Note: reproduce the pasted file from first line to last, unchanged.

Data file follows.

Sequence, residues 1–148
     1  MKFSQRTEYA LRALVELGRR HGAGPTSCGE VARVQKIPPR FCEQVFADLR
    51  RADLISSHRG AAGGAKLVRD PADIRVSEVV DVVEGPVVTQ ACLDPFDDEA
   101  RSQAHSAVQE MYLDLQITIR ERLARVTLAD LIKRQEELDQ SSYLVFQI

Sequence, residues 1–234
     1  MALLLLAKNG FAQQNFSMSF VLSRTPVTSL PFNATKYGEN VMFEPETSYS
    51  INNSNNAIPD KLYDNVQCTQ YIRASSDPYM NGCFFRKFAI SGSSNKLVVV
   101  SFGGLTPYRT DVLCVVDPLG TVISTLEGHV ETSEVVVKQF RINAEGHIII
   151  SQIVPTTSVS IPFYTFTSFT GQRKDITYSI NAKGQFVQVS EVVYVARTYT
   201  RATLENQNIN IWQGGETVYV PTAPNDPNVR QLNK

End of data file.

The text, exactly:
Sequence, residues 1–148
     1  MKFSQRTEYA LRALVELGRR HGAGPTSCGE VARVQKIPPR FCEQVFADLR
    51  RADLISSHRG AAGGAKLVRD PADIRVSEVV DVVEGPVVTQ ACLDPFDDEA
   101  RSQAHSAVQE MYLDLQITIR ERLARVTLAD LIKRQEELDQ SSYLVFQI

Sequence, residues 1–234
     1  MALLLLAKNG FAQQNFSMSF VLSRTPVTSL PFNATKYGEN VMFEPETSYS
    51  INNSNNAIPD KLYDNVQCTQ YIRASSDPYM NGCFFRKFAI SGSSNKLVVV
   101  SFGGLTPYRT DVLCVVDPLG TVISTLEGHV ETSEVVVKQF RINAEGHIII
   151  SQIVPTTSVS IPFYTFTSFT GQRKDITYSI NAKGQFVQVS EVVYVARTYT
   201  RATLENQNIN IWQGGETVYV PTAPNDPNVR QLNK